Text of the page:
Tag Archives: breast cancer

Sorry for the lack of update

Chemo #3 went well . . . but there was quite a bit of aftermath.

First of all, I seemed to get a bit of an infection that required antibiotics. This was on Wednesday, chemo day. I absolutely had a brain freeze and just didn’t think to tell my oncologist (yes, I know — stupid of me) until Thursday evening. (Thanks to my mother for politely pointing out that I needed to make that call immediately.) So I spoke with the on-call oncologist and he insisted I come in for a consult the next day.

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Losing My Hair

First off: my fever broke Wed night. I took it easy yesterday, but am back to work today (tho’ likely not for the full day). Things are starting to get a bit critical and I’m needed on site.

Most importantly: on time, and unmistakably, I am losing my hair.

My advice for anyone who may read this because they are in a similar situation: if you think you are losing your hair, you aren’t.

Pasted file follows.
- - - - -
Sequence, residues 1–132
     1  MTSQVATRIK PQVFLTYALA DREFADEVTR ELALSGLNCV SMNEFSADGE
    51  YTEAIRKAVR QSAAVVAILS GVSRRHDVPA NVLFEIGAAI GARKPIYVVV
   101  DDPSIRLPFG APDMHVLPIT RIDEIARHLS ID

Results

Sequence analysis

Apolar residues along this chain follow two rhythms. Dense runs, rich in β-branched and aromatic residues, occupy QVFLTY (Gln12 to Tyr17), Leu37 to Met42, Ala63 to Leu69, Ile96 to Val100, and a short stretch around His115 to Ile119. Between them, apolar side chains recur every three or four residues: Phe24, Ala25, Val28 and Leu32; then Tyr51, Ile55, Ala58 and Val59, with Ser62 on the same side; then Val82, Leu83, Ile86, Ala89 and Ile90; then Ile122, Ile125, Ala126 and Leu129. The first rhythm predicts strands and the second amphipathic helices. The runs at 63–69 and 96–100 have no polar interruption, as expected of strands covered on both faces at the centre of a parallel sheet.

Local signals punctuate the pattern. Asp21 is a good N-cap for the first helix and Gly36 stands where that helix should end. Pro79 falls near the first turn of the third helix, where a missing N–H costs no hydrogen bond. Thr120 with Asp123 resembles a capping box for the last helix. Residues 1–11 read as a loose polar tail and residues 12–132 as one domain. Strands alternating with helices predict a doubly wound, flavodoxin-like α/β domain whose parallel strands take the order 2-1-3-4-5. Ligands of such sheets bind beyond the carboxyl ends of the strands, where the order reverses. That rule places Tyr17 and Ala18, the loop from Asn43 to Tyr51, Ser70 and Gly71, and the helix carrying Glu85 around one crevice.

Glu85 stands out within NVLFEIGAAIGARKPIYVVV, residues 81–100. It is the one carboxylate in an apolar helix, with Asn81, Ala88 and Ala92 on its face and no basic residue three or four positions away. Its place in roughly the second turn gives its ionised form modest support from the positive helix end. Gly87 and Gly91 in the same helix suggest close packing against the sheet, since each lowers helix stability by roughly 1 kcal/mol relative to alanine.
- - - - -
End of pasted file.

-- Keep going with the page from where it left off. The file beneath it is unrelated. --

My scalp has hurt for a few days, but that so easily could have been the fever. This morning I got up and into the shower and stepped under the water. Hands running through my hair pulled out bunches. Even though I was (sort of ) expecting this it was a very bad moment. A freak-out kind of moment.

I cut my hair short in expectation (dread) of this. I am so glad I did. Losing your hair is — and I recognize that this is entirely a me thing — losing your hair is MESSY. Seriously, it get s everywhere. Long hair would have been unbearable. Not because of the loss, but because I would have hair in my eyes ALL THE TIME or look down to see a clump just lying on my sleeve. Ugh.

Yes, this happened 30 mins ago. Mourning will occur later. For now, I am glad I listened to my intuition and prepared for this . . . I have so much hair it is going to take a bit for it all to go. I feel ‘safe’ going to work . . . but they’ll be surprised on Monday.

Sunday update

I’m hurrying to write this before my dilaudid ‘kicks in’ and I become illiterate once again.